Niagara Gazette —
A group of students sat staring intently, their eyes oscillating between the papers in front of them and their teacher, Dennis Luzak, as he spoke on the finer points of pouring concrete bollards on a cold January morning.
Luzak was not talking to high school students. He was in the basement of a small white chapel on 22nd Street talking to a group of men and women enrolled in an adult learning program that provides job training in the construction trades to unemployed and underemployed city residents.
The 400-hour training course - run by Orleans Niagara BOCES - is part of the mission of the Isaiah 61 Project, a faith-based, not-for-profit organization that is working to take city owned houses and rehabilitate them into homes for low-income residents with help from skilled-laborers-in-training.
Once all the necessary permits are secured, the students will begin working at the organization's first project house on Whitney Avenue - just a few blocks from the church - this week.
For the students - many of whom said that they weren't dong anything constructive before enrolling in the program - the classes represent an opportunity to make a living. But, even more importantly, the classes represent an opportunity to find purpose, they said.
Jason Seaberry, one of the eight students enrolled in the course, said one of the things that he wants to earn through the class is a job title.
Seaberry now feels as though he is working towards a career and that gives him a sense of pride. Before enrolling in the program he was unemployed and wasted a lot of his time, he said.
"I was just sitting around doing nothing," Seaberry said.
Darren Christian said that he had been on unemployment before starting the course. He found it difficult to get jobs with no real experience to list on his resume.
Christian is confident that the course - and the certificate and experience that come with it - will give him what he needs to get his foot in the door with a construction company and start down a career path.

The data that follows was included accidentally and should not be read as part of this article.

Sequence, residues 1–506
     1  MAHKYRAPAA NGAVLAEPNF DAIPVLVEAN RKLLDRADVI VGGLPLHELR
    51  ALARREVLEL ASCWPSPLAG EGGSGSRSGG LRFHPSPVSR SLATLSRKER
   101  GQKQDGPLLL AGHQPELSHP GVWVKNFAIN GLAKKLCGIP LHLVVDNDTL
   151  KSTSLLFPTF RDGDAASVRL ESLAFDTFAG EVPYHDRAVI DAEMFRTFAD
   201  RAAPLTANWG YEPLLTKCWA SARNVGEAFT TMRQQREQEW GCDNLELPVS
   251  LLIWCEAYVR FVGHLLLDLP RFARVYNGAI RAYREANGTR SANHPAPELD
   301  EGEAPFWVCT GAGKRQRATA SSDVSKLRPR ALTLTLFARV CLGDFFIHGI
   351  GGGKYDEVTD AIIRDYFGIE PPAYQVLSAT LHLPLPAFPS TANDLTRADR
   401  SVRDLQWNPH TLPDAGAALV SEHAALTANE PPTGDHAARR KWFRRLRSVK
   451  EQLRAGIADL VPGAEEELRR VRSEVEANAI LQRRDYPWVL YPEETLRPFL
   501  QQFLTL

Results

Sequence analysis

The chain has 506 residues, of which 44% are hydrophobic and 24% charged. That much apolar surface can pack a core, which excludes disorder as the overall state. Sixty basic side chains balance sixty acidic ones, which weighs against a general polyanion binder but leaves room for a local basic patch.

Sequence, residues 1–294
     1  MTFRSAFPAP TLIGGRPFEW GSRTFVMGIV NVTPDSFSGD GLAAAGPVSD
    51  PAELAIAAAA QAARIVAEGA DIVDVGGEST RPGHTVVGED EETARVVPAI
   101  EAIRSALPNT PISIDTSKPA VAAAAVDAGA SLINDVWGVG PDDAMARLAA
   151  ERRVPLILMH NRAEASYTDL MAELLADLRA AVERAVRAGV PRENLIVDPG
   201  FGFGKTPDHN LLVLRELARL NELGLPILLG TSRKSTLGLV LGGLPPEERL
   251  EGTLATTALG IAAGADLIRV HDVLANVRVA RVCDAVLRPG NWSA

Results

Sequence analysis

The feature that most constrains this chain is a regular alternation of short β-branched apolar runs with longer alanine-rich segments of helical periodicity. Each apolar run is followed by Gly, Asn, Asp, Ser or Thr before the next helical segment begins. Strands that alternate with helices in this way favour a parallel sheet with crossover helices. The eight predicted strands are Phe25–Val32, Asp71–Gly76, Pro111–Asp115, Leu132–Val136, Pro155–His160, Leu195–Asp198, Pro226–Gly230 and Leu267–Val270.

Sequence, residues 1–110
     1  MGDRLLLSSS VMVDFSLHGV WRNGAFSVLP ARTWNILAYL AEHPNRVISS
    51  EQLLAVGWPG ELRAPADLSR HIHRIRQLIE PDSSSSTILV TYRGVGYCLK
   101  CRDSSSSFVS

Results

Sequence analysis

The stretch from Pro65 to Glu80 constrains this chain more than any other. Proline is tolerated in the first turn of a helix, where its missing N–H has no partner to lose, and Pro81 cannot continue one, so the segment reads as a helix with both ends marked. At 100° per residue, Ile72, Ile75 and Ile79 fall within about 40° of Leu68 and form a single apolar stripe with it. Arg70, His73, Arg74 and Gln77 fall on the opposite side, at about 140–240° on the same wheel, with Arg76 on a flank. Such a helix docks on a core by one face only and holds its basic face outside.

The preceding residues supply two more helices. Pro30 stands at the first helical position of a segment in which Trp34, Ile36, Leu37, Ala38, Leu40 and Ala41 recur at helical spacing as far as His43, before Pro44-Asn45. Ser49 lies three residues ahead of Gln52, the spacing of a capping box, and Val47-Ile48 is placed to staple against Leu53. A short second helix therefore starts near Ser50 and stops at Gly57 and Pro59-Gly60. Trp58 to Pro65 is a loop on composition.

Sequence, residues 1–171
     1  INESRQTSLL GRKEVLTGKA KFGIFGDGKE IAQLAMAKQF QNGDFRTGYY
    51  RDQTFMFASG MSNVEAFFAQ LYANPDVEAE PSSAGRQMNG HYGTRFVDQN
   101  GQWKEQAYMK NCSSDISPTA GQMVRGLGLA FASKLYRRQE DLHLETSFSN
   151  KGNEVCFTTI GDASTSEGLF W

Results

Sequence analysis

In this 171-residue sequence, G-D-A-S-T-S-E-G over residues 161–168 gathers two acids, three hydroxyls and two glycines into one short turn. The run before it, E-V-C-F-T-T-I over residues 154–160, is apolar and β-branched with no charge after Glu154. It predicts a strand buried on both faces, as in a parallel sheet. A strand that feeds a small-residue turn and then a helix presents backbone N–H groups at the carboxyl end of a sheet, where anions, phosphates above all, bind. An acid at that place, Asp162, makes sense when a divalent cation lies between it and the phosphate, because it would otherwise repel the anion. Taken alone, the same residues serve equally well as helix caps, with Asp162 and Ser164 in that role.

"You have a certificate, a skill, that will take you a lot further than just a resume or filling out an application," Christian said.
"Now I have a chance to fight for that entry level spot somewhere," he added.
Anthony Bradley said that most construction companies won't hire someone with no experience and the certificate that the students are working to earn will give them an entry point.
"You have some basic training on it," Bradley said.
Amanda West said she hopes to begin buying and refurbishing houses to rent and sell after completing the course.
"I want to buy property and I want to fix it up myself," West said. "I don't want to have to invest all types of money into someone doing it for me. That's saving money if I can do it myself."
West said that a career in the building trades will bring pride to the students, not just because it is a job that puts food on the table, but because skilled trades workers improve the communities that they live in as well.
"It adds value to the town," West said.
Luzak said he feels extremely fortunate to work with people who are so eager to learn.
"This is such a great opportunity for me," Luzak said. "I still pinch myself every morning, not believing how lucky I am to be a part of this program."
Luzak, who has worked as a carpenter since 1989, said training in the building trades is particularly valuable in today's economy because, unlike other industries such as manufacturing, the jobs cannot be shipped overseas.
"You can't outsource skilled labor," Luzak said. "There'll always be jobs for skilled labor."
Luzak said he was not a good student in high school and goofed off throughout his 20's before finding real purpose through his work, which allowed him to build a good life.
That experience makes him relatable to his students, he said.
"I have the utmost respect for these students of mine," Luzak said. "Like they said, they don't want to be a liability on the system any longer. They want to learn a trade. They want to learn a skill. They want to get out there and be productive."
Alioune Sow, a student who came to America from Senegal, summed up the value of the program for his classmates and himself.
"A job, you can always lose it," Sow said. "But knowledge you can never lose."